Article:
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Source: Kane GC, Lipsky JJ. Mayo Clin Proc 2000;75:933-942.
The American public is consuming grapefruit juice in great quantities with 14% of men drinking the juice at least weekly.1 Yet grapefruits, like prunes, have commonly been referred to as a "funny" fruit. Yet, there is nothing funny about the way grapefruit interacts with some drugs.
A possible drug interaction with grapefruit juice was first reported approximately 10 years ago when investigators at the University of Western Ontario were attempting to find an effective way of disguising the flavor of alcohol. They found that double-strength grapefruit juice best masked the taste of alcohol, but they also found the blood level of felodipine to be three times higher in those people who were taking that medication with alcohol that had been laced with grapefruit juice to mask the taste of the alcohol2 than were the blood levels in subjects who had taken the medication without grapefruit juice. Bailey and colleagues at the University of Western Ontario test- ed this serendipitous observation by measuring drug blood levels after giving the felodipine on one day with water and comparing the observed blood levels to those obtained the next day when felodipine was given with grapefruit juice—the drug blood levels were found to be up to four times higher when grapefruit juice was ingest- ed with the drug.3
The drug-food interaction observed when ingesting grapefruit juice appears to occur because of the inhibition by grapefruit juice of one of the intestinal cytochrome enzyme systems. The isoform known as cytochrome P- 450 3A4 (CYP3A4) is well known because of its frequent involvement with drug-drug interactions. The largest concentration of this family of heme-containing proteins is found in the endoplasmic reticulum of cells located throughout the body— especially in the liver and in the intestinal wall where they play a role in the oxidative biotransformation of numerous endogenous substances and xenobitics. Wide variations exist in the expression of this enzyme in the liver and intestines; however, it has now been clearly demonstrated that patients with the highest intestinal CYP 3A4 concentrations display the greatest untoward effects when they ingest grapefruit juice.4
Skeptical members of the medical community initially ignored the data; however, multiple studies have now clearly confirmed the interaction of grapefruit juice with felodipine as well as with other medications. The majority of the studies on pharmodynamic evaluations have been performed on relatively small numbers of healthy adult volunteers but more recently, an increasing number of case reports of adverse effects due to drug interactions of grapefruit juice with many medications have been published. These drugs are clearly tabulated in the Table.
An argument can be made that if a patient has been taking medication with grapefruit juice for some time without ill effect, it is probably safe to continue to do so; however, the variability in the level of interaction with different types of juice would suggest that this approach may not be entirely safe. For example, felodipine blood levels have been demonstrated to increase 300-500% when taken with grapefruit juice and such elevations have led to symptoms of flushing, lightheadedness, and fainting in otherwise healthy research subjects. Obviously, an elderly person with significant coronary artery disease or hypertension might even have more sig- nificant symptomatology. Each patient’s medical condi- tion should be individually considered and advice regard- ing the use of grapefruit juice should be based on the spe- cific medication involved; however, it would seem fool- hardy not to recommend to patients that they use water rather than grapefruit juice for the ingestion of any of the many drugs tabulated in the Table. These drugs should not be taken with grapefruit juice until the drug-grape- fruit juice interactions have been clarified. The spectrum of these drugs included many drug categories such as heart/high blood pressure agents, antihistamines, trans- plant rejection agents, cholesterol-lowering drugs, and other agents such as warfarin (Coumadin), cisapride (Propulsid), and even sildenafil (Viagra).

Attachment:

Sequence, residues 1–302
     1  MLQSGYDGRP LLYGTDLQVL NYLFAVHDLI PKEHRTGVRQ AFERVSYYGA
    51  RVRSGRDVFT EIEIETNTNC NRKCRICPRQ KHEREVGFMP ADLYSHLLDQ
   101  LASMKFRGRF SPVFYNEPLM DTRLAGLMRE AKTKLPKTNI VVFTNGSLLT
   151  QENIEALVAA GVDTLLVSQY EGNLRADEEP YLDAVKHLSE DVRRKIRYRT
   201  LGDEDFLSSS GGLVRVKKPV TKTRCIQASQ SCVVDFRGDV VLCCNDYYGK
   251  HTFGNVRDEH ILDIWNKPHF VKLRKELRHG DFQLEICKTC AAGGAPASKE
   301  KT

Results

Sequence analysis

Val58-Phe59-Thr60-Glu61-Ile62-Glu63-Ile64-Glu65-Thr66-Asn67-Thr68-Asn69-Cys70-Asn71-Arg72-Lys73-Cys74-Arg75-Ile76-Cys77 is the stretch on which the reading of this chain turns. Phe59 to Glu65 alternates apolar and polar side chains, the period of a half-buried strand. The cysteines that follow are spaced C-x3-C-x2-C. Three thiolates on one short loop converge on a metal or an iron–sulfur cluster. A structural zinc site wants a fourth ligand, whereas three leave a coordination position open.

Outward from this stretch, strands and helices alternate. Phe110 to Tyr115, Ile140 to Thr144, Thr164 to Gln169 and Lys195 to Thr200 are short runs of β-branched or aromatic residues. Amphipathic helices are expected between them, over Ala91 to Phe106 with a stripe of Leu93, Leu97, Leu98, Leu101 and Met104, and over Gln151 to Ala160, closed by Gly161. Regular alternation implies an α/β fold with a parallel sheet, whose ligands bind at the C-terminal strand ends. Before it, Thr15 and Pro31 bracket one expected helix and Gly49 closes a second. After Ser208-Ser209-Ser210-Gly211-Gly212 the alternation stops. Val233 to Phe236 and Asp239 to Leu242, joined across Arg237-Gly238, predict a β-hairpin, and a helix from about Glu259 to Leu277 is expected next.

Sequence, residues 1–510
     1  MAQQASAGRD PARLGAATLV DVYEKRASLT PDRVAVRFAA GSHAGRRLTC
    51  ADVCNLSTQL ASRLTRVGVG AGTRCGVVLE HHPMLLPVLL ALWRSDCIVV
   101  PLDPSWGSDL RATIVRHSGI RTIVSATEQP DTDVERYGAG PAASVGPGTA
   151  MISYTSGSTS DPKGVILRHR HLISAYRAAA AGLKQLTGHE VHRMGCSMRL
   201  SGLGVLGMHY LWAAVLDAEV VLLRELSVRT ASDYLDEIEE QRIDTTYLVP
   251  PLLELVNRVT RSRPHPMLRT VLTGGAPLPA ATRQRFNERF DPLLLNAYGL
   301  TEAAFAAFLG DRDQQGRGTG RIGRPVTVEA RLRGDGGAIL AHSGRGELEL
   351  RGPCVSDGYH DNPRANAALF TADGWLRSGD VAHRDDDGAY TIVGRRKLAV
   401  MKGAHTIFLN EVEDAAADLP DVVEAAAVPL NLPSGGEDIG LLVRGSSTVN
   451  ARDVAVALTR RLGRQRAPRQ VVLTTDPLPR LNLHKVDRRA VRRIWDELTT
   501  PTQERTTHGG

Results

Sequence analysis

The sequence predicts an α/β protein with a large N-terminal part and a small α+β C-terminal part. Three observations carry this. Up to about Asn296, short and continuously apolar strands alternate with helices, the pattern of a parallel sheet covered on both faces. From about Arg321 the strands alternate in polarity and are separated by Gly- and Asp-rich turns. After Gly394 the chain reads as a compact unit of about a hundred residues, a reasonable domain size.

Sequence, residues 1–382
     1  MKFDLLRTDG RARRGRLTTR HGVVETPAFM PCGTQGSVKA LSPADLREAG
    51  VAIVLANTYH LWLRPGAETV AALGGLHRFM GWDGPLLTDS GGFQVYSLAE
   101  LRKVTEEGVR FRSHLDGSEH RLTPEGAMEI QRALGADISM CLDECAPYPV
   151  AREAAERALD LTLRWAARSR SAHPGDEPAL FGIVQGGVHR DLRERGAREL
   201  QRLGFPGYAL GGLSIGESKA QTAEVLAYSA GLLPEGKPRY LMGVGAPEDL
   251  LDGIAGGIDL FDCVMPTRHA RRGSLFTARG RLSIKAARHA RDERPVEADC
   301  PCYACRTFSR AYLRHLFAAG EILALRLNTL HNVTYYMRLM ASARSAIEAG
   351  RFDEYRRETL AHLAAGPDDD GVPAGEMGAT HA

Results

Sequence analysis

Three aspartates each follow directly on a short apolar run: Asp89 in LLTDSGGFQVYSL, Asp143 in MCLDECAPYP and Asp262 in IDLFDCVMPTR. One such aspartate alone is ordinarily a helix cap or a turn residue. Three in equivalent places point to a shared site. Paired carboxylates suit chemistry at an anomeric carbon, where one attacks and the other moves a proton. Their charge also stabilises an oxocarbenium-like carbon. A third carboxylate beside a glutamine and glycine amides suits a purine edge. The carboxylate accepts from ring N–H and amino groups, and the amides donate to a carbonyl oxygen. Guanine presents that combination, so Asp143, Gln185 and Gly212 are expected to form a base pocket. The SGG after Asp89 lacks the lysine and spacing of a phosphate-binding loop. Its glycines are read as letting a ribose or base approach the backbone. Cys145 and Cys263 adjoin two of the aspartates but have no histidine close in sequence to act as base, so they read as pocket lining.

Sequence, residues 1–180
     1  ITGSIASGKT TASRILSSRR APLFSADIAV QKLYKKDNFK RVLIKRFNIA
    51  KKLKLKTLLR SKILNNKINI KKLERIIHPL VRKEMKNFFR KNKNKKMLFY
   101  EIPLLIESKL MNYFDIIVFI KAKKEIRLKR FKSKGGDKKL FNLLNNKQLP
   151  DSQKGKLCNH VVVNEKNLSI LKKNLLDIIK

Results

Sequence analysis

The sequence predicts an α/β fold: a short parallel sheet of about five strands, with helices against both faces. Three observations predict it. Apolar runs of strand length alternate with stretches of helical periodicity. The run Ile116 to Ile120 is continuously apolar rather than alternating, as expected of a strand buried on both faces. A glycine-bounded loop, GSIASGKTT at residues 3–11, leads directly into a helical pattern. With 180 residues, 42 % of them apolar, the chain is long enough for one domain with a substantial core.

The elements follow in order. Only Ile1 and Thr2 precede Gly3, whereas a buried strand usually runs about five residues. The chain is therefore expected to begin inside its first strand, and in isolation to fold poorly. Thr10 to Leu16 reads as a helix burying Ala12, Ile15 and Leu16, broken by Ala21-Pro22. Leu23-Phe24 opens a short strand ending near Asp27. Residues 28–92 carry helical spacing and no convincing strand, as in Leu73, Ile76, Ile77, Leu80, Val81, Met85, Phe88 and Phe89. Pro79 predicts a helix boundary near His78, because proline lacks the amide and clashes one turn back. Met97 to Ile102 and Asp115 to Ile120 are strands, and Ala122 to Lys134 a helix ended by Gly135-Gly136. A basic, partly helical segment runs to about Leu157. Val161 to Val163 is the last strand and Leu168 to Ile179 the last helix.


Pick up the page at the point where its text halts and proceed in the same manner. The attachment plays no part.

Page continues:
Table: Grapefruit and Drug Interactions*
|Verapamil (Calan, Isoptin)||No|
|HMG-CO inhibitors (statin)|
|Fluvastatin (Lescol)||? No|
|Pravastatin (Pravacol)||? No|
*This is a partial list—many other medications are being investigated.
For the practicing physician, it is important to recognize that regular strength grapefruit juice has as much as 80-90% of the untoward effect of double-strength grapefruit juice and, in fact, whole grapefruits have almost the same effect. Therefore, it behooves all physicians to caution their patients about the use of any strength grapefruit juice as a liquid vehicle for the ingestion of any drug, but especially for those listed in the Table. Also, it should be noted that most studies examining the grapefruit-drug interactions have used a single 8-oz glass of fresh or reconstituted grapefruit juice. These studies suggest that even a small amount of juice can cause a significant drug interaction and, therefore, these drugs should not be ingested within 24 hours after ingesting grapefruit juice or eating a significant amount of the fruit.
Dr. Karpman is Clinical Professor of Medicine, UCLA School of Medicine, Los Angeles, Calif.
1. Curhan GC, et al. Am J Epidemiol 1996;143:240-247.
2. Bailey DG, et al. Clin Invest Med 1989;12:357-362.
3. Bailey DG, et al. Lancet 1991;337:268-269.
4. Lown KS, et al. J Clin Invest 1997;99:2545-2553.